arling was telling the story?" asked Hatty, much interested.
"He looked very red. I don't believe teacher knows what a drunkard his father is."
"Well," said Hatty; "you and I ought to be very thankful that our father is a temperance man. How should you feel to have him lying with the hogs?"
"I never thought how many things we have to be grateful for," said Fred, gravely. "If I had a father like Dan Jones, I never could look anybody in the face."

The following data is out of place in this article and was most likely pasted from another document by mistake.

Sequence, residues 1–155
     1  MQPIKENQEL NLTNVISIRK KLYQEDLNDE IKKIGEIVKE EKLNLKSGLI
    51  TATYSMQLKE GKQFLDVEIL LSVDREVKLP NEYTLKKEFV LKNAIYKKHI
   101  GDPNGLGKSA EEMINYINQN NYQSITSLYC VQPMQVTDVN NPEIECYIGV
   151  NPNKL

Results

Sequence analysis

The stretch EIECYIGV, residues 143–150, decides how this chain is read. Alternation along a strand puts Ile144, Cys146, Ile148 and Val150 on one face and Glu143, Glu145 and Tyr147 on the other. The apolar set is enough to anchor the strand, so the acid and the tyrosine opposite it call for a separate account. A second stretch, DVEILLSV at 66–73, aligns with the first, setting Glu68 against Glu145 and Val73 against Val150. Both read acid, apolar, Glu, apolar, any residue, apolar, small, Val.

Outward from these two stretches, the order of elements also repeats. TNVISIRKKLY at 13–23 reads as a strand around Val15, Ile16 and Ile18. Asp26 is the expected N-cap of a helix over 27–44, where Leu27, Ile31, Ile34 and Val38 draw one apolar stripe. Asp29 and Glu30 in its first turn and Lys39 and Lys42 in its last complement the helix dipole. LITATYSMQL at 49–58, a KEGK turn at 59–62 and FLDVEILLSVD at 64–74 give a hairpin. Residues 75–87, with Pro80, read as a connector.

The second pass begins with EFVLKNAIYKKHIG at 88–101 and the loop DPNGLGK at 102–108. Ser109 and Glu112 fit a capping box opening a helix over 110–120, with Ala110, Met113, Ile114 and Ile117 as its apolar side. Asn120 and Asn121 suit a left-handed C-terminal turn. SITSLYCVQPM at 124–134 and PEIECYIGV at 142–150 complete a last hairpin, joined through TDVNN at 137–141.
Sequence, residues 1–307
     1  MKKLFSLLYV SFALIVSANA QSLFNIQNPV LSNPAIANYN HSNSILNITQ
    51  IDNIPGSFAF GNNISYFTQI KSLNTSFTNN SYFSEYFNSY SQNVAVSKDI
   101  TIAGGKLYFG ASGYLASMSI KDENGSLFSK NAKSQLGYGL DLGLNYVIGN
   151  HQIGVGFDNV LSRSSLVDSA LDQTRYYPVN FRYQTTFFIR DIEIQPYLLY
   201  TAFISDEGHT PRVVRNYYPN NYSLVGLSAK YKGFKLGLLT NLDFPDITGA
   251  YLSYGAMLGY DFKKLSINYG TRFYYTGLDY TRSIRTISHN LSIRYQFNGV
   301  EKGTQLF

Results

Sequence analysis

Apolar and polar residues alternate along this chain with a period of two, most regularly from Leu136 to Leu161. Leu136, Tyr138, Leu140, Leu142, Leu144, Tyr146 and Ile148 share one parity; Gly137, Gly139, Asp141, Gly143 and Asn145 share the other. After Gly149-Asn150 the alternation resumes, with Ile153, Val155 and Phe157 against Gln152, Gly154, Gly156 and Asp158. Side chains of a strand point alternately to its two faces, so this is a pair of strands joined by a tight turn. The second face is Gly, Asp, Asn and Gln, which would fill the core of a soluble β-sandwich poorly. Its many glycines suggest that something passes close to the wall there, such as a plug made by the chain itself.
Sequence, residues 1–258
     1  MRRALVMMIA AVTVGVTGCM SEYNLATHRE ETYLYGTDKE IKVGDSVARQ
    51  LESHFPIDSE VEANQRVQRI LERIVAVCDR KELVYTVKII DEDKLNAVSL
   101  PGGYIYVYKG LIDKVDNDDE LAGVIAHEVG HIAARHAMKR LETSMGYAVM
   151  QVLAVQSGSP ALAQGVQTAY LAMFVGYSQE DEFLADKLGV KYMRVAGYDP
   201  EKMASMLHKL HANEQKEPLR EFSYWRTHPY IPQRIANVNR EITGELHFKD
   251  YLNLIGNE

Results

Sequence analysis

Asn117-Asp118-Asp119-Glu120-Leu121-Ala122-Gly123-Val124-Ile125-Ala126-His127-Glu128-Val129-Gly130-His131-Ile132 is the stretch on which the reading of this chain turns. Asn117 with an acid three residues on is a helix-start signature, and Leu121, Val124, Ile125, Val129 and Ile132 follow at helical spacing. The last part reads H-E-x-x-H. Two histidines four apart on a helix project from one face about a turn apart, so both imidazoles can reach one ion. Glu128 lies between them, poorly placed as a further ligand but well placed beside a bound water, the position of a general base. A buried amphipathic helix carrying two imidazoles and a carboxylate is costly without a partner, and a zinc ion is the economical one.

Mrs. Carleton, finding that her son's mind was still dwelling on gratitude, promised to relate a story on the subject, as soon as tea was cleared away.
While Hatty was doing this, Fred took his book to learn the lesson for the next Sabbath. He was nearly through when he noticed that his sister was trying to lift the table alone, and set it in its place next the wall.
"Let me help you, Hatty," he cried, jumping to her assistance.
"Thank you, Fred," and she kissed him.
"I like to do things for people who thank me,"
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